Tim Hooper – North West’s Volunteer of the Year

Sadly Tim Hooper died soon after his nomination for Volunteer of the Year.  He is greatly missed by all his friends in rowing.

Tim Hooper came into rowing through his daughters, Elizabeth and Rachel, who were both members of Northwich Rowing Club. Even from the early days he was loading trailers, driving mini buses, helping out with timing at club time trials and picking up and carrying out other odd jobs that needed doing.

Once Tim’s daughters moved away from home he became even more involved in the sport when he trained to become an umpire and was nominated as the club safety adviser.  He attended almost all of the regional events as an umpire and could be relied on come rain of shine. Over the years Tim held a number of posts, in particular at his club he was the head umpire for their heads and regatta. This meant anything from hours of phone calls, coordinating launches, umpires, safety issues, dealing with running an event whilst in the middle of a foot and mouth epidemic and developing a relationship with British Waterways to ensure the cooperation of all river users.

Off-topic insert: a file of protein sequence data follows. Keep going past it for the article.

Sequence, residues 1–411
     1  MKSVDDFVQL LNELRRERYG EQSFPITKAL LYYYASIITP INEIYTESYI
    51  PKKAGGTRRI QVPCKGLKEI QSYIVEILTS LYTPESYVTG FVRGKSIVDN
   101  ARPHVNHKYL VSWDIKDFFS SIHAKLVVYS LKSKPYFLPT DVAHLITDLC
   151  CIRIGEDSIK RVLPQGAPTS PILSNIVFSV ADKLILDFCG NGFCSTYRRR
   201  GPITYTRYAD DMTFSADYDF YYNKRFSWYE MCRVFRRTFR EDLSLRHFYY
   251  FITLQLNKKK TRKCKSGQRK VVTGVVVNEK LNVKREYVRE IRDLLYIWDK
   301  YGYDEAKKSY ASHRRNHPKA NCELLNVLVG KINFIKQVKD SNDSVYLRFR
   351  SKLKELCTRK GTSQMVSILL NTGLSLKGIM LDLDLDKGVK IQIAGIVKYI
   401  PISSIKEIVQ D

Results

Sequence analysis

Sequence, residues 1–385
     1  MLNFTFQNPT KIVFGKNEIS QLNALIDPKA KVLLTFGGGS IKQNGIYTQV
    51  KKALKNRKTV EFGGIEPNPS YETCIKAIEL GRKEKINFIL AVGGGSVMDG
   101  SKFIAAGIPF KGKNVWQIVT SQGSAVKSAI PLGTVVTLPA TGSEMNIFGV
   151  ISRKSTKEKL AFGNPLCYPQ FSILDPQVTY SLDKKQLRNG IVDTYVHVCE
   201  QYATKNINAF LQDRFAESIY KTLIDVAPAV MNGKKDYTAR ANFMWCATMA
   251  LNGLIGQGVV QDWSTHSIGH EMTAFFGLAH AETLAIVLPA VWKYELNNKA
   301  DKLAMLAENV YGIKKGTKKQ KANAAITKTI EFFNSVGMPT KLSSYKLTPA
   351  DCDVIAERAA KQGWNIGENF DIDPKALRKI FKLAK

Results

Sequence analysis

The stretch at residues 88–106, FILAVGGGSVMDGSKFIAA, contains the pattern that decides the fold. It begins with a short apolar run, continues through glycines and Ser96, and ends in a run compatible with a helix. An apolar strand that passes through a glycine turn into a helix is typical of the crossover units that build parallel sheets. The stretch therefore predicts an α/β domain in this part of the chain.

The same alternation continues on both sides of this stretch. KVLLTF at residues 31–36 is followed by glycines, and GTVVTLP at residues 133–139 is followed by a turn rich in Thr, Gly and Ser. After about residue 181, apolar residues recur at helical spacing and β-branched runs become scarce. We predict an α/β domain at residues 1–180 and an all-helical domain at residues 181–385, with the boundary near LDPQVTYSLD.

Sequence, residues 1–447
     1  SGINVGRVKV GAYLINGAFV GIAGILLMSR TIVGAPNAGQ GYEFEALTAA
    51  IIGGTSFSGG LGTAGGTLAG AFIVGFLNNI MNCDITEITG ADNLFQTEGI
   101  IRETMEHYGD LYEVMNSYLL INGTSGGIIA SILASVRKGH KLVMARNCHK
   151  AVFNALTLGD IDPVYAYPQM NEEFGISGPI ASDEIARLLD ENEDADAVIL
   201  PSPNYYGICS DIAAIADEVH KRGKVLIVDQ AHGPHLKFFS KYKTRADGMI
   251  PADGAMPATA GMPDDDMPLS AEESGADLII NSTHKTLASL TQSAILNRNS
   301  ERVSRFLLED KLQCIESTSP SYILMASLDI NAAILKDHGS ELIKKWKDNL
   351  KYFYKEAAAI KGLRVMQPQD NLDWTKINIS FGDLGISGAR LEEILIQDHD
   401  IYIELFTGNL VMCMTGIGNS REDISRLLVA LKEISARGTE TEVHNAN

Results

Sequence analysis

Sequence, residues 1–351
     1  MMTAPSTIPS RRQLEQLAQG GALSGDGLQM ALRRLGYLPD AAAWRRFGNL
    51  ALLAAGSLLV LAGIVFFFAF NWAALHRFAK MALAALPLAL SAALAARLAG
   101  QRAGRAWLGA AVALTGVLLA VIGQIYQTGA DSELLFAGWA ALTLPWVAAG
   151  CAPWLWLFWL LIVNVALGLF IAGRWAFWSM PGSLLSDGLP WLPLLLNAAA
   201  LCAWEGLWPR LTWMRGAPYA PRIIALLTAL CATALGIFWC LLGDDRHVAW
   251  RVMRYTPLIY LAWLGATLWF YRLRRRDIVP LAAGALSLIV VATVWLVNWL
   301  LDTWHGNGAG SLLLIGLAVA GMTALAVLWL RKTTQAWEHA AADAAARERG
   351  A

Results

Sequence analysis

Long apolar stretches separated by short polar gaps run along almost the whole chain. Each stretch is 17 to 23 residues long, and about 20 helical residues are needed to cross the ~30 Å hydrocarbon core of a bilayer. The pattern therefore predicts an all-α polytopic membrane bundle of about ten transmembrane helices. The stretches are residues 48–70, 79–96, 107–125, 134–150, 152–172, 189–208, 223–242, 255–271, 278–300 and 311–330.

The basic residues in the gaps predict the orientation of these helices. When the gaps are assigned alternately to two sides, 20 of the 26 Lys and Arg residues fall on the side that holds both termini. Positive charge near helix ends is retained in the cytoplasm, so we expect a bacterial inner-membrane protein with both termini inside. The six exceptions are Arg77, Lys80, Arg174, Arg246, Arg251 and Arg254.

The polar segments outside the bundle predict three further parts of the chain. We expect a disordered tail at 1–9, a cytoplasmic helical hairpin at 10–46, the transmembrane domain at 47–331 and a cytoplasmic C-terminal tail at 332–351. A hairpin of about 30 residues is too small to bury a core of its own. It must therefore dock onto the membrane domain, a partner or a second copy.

Tim was someone who could always be relied on to do the job he was tasked with in absolute detail. This was an invaluable trait in the coordination of regional safety in the North West. Having been in the post for a number of years he has ensured the smooth running of safety audits and attended numerous national meetings in London, contributing to the continual emphasis on safety to ensure the enjoyment of the sport. Tim always attended the National Championships with his wife Joyce and in 1998 he was asked to help out on the presentation raft. He recognised it was not the most organised of systems and took it upon himself to make things run as smoothly as possible. This led to him then becoming the ceremony coordinator of the event for a number of years which included trips to Nottingham to arrange medals, ensuring accurate records of winners and giving up most of July every year to ensure things ran smoothly.

On his retirement from the National Championships Committee his services were recognised by everyone who he had worked with. Tim never expected recognition for all he did for the sport. Nor did he make a fuss when he struggled on his own to do things when unable to get people to help.

Last year Tim became ill during the run up to Northwich Autumn head and it took much more than one person to take on the work that he usually carried out on his own. Safety and umpiring are never glamorous jobs but Tim was always committed to the work he did for his club, the North West and the ARA. Having never even rowed himself, his commitment to a sport he clearly loved was even more astounding. 

 

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